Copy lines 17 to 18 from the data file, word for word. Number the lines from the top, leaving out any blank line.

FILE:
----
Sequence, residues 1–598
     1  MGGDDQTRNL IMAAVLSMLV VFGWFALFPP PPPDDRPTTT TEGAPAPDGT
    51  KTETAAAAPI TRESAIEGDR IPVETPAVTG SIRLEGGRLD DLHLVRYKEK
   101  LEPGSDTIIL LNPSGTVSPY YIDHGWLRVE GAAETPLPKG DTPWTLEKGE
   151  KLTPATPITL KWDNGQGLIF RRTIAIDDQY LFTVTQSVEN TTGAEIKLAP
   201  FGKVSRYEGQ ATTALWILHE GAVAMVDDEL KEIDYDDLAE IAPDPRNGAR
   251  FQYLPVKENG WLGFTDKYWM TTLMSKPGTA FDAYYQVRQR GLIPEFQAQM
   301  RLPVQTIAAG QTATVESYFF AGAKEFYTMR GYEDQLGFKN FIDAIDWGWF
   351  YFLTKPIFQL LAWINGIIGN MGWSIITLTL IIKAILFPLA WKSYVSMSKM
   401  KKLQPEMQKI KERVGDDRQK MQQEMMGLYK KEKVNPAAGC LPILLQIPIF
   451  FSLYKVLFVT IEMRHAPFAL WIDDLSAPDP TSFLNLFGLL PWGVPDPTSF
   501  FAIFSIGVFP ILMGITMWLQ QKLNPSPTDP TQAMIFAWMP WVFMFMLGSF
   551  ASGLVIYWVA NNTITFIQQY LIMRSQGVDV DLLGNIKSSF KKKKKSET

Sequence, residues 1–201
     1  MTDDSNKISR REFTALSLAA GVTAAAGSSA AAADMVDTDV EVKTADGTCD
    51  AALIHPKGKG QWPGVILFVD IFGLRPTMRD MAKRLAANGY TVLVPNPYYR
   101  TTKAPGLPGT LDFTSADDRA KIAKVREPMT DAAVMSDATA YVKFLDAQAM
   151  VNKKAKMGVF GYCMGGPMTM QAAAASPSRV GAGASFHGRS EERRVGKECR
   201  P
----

   101  TTKAPGLPGT LDFTSADDRA KIAKVREPMT DAAVMSDATA YVKFLDAQAM
   151  VNKKAKMGVF GYCMGGPMTM QAAAASPSRV GAGASFHGRS EERRVGKECR